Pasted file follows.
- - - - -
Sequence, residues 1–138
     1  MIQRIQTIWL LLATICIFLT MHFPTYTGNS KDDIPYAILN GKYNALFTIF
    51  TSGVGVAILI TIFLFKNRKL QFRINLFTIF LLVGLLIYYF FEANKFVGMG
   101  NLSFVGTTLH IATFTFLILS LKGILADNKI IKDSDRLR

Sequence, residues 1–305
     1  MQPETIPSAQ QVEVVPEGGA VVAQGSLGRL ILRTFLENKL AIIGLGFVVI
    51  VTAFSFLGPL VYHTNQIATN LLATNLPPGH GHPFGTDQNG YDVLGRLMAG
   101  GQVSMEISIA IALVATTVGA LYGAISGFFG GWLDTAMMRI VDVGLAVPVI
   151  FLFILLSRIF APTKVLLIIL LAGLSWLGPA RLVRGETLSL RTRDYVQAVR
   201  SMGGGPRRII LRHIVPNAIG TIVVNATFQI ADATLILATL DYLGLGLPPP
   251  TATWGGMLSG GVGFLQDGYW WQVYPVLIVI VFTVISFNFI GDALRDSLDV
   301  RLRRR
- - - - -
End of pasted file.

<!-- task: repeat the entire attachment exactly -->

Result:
Sequence, residues 1–138
     1  MIQRIQTIWL LLATICIFLT MHFPTYTGNS KDDIPYAILN GKYNALFTIF
    51  TSGVGVAILI TIFLFKNRKL QFRINLFTIF LLVGLLIYYF FEANKFVGMG
   101  NLSFVGTTLH IATFTFLILS LKGILADNKI IKDSDRLR

Sequence, residues 1–305
     1  MQPETIPSAQ QVEVVPEGGA VVAQGSLGRL ILRTFLENKL AIIGLGFVVI
    51  VTAFSFLGPL VYHTNQIATN LLATNLPPGH GHPFGTDQNG YDVLGRLMAG
   101  GQVSMEISIA IALVATTVGA LYGAISGFFG GWLDTAMMRI VDVGLAVPVI
   151  FLFILLSRIF APTKVLLIIL LAGLSWLGPA RLVRGETLSL RTRDYVQAVR
   201  SMGGGPRRII LRHIVPNAIG TIVVNATFQI ADATLILATL DYLGLGLPPP
   251  TATWGGMLSG GVGFLQDGYW WQVYPVLIVI VFTVISFNFI GDALRDSLDV
   301  RLRRR